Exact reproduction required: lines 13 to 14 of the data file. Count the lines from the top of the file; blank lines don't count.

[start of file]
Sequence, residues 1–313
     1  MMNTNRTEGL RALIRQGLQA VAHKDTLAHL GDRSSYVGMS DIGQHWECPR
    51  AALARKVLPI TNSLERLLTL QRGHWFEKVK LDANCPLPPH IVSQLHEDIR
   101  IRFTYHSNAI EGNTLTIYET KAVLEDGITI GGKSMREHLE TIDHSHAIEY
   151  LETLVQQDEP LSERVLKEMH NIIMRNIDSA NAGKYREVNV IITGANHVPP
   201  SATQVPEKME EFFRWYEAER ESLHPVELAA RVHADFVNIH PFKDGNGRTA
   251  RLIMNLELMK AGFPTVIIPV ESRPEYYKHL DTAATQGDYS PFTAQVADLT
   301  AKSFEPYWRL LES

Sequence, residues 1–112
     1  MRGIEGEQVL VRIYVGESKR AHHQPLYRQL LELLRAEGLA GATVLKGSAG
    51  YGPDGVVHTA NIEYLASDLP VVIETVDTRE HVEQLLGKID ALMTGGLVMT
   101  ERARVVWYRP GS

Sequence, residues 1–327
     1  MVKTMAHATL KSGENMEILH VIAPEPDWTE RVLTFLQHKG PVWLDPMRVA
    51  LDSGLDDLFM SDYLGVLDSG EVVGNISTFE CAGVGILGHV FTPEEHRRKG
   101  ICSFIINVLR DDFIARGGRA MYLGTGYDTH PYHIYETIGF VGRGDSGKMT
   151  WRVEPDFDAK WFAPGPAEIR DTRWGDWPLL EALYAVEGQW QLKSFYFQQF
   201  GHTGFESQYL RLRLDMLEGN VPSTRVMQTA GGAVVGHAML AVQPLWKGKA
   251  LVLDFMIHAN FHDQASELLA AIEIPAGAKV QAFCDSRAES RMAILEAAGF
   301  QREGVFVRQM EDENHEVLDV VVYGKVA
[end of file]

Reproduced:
Sequence, residues 1–327
     1  MVKTMAHATL KSGENMEILH VIAPEPDWTE RVLTFLQHKG PVWLDPMRVA